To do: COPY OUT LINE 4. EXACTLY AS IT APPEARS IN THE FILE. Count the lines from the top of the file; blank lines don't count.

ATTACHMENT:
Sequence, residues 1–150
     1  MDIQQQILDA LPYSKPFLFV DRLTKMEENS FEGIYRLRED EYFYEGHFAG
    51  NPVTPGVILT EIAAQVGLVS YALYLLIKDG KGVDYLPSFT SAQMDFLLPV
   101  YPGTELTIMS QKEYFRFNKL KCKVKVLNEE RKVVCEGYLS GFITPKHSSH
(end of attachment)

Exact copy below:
   101  YPGTELTIMS QKEYFRFNKL KCKVKVLNEE RKVVCEGYLS GFITPKHSSH